Putting that aside, only because I can’t speak to it, I think there’s a disconnect between linguistic subgroups here. There are really interesting patterns of speaking that develop in online communities, which I mostly only noticed when I began to apply them to my outside life. We have very specific ways of speaking that people who aren’t part of these larger communities don’t understand. For example - to pick something that relates to both of us - if I am in a space with another human being and I suddenly leave off reading to put my hands over my face and drag them dramatically downward, that other human might ask what was wrong with me. If I tell them I’m mad, a concerned human would ask why, to which I would respond with some gibberish about Gansey’s stupid face and stupid mint and how much I hate him and Blue and cars and not kissing, you get the picture.

What I’ve said is: I’m mad. What I mean is: FEELINGS. I have never been able to find an accurate translation for these online colloquialisms, which is something I find interesting. I know what it means, and other people who see these expressions used regularly know what they mean, but I can’t define them as one thing or another. I can’t tell you what it means when people call themselves trash. I just know that it doesn’t mean literal garbage. Trash is more an expression of intensity, as best I can explain it? But at the same time it can refer to behaving in a way that is outside the social norm, often that is in some way transgressive.

EDIT: it can also be a coping strategy for lessening discomfort. After posting this, my anxiety about how certain people would perceive me spiked, which made it tempting to post something like “/writes a garbage meta before breakfast” to demonstrate self awareness i.e. if I judge myself first, no one else can judge me. A healthy coping strategy? Probably not, but sometimes it’s the only thing people have.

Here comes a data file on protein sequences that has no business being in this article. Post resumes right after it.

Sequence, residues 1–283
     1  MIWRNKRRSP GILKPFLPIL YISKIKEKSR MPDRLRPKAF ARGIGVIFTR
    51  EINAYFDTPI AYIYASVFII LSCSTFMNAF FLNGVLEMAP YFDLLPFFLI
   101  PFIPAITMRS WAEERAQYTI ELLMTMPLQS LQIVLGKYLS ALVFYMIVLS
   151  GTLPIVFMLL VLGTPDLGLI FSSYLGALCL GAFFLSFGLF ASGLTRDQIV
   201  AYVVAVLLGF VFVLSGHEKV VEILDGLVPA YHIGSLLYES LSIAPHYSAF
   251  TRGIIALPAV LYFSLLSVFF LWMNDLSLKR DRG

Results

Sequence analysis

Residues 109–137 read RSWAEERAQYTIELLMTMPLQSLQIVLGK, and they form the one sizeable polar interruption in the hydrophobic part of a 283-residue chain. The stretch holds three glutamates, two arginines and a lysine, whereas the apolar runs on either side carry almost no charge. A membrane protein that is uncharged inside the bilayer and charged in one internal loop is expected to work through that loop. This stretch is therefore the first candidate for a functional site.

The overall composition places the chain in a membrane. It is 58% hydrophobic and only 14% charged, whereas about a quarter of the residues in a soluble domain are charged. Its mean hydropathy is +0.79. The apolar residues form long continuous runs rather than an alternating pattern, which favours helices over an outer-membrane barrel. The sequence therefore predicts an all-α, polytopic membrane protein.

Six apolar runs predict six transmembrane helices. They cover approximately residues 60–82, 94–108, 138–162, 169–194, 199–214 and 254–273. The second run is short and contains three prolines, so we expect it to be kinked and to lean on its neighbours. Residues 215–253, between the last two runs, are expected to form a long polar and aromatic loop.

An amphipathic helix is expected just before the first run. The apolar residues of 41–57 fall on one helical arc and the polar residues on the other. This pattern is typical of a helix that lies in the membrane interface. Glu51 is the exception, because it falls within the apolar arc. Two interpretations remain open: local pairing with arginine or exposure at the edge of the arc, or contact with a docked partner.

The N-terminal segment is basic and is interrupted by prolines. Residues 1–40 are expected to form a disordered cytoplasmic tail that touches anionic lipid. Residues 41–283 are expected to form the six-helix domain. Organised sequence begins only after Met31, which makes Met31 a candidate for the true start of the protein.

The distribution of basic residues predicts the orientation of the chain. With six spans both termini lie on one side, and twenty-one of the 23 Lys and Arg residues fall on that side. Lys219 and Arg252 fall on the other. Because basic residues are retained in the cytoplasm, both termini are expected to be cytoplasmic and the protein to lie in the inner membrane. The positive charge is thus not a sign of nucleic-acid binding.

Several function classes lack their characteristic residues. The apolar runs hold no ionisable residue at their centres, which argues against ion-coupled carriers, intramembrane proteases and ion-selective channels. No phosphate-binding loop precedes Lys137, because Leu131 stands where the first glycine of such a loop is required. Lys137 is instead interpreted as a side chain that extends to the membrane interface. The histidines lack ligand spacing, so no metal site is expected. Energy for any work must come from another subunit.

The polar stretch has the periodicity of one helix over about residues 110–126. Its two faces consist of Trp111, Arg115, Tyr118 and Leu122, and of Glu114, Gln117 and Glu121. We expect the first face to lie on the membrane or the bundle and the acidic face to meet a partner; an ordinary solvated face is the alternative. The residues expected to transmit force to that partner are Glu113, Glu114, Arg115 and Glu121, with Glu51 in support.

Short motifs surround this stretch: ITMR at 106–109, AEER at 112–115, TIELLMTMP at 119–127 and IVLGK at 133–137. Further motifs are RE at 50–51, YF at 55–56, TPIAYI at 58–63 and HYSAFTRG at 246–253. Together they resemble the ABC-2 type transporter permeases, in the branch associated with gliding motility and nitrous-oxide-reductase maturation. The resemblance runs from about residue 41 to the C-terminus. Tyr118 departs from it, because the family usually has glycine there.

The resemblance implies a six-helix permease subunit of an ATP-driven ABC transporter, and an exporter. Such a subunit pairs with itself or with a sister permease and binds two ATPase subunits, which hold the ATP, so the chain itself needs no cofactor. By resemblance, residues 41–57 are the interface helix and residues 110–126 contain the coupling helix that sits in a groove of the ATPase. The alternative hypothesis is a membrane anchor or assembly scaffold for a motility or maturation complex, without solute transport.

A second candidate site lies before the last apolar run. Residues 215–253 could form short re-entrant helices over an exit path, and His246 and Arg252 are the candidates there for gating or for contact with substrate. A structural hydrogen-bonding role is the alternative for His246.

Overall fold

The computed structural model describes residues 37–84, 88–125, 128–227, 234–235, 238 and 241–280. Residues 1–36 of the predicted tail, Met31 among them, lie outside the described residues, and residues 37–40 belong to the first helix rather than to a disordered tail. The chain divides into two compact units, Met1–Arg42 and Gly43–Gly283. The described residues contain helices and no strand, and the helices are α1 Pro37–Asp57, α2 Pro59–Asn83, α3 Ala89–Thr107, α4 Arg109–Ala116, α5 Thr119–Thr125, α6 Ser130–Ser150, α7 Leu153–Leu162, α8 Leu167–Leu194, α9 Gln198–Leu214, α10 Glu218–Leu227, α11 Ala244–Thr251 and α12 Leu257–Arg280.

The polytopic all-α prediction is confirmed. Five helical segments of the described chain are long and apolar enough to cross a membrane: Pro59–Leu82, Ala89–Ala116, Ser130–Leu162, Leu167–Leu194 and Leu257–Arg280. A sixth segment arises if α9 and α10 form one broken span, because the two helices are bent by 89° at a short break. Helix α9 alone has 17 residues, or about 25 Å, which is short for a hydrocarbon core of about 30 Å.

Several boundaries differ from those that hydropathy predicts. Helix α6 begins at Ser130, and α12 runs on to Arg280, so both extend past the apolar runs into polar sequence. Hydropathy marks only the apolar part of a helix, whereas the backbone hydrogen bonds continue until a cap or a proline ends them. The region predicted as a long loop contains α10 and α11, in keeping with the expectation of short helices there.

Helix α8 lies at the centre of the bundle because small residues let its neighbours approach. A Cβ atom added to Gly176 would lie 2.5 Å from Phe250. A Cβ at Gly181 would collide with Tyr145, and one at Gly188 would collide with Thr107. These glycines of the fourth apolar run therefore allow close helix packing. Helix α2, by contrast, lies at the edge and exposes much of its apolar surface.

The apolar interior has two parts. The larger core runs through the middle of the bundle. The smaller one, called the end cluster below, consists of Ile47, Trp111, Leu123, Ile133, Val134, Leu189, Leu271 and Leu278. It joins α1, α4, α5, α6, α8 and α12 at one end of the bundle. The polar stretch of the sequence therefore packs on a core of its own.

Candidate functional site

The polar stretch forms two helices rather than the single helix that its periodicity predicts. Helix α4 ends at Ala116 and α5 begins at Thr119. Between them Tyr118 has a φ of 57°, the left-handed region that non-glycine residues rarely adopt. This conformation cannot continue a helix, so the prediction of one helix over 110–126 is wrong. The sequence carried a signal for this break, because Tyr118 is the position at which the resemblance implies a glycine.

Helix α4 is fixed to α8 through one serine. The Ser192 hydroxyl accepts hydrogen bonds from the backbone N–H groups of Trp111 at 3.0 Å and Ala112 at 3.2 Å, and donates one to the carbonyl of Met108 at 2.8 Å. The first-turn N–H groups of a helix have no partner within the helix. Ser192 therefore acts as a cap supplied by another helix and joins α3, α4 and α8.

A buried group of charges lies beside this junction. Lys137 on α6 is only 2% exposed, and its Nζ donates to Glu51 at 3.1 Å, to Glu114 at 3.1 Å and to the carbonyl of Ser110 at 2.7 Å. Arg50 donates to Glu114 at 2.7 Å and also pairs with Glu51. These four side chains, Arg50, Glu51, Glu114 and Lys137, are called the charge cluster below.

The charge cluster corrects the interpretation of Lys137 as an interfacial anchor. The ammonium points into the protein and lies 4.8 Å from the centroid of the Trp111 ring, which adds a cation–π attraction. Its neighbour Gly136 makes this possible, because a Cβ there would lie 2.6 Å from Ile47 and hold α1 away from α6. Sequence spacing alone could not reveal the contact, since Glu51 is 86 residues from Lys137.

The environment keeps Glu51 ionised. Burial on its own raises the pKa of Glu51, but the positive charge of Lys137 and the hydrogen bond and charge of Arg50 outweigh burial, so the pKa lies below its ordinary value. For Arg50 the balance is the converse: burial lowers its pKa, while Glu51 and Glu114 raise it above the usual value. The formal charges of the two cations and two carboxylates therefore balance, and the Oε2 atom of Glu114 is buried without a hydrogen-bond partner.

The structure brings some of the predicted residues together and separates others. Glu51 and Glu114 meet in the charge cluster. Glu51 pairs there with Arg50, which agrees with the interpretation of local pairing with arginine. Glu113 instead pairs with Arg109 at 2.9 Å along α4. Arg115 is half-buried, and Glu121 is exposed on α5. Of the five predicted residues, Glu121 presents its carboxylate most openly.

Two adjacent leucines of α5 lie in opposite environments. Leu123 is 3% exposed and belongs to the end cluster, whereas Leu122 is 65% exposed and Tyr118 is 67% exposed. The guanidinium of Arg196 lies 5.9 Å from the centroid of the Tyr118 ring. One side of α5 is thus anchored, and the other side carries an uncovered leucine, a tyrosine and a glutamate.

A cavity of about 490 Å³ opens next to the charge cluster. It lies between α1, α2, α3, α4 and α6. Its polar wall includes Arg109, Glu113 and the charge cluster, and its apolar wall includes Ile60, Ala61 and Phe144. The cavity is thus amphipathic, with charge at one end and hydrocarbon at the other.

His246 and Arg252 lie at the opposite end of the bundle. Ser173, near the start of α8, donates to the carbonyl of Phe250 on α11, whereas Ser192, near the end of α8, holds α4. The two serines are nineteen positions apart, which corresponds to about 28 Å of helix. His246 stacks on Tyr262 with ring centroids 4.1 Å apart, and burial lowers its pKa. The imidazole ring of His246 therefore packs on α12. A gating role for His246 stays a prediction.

I’ve noticed a pattern that springs up in the internet subcultures I’ve been part of, where people refer to positive things by negative words. If I am particularly overwhelmed with love for a certain character, e.g. Ronan Lynch, I might say that I hate him. Except I do not hate him. I do not want to smash his face into a pole. I do not think he’s stupid. So why do I say things like that?

My theory is that these modes of expression arose out of a cultural fear of sincerity. People in fandoms often already like something “too much.” Why would you make art about a book you read isn’t that taking it a little over the top, etc, etc, etc. To lessen the discomfort of occupying socially unacceptable spaces, we developed a subculture around expressing positivity and emotion via negativity.

(Sidebar: I was raised in a situation that taught me, through no malicious intention, that genuine displays of emotion are uncomfortable and to be feared. I recently watched the finale of a TV show in which the main characters got married, and while I thought it was adorable and was very happy, I was also painfully uncomfortable and found it hard to watch. I suspect this may be true of people more than just me.)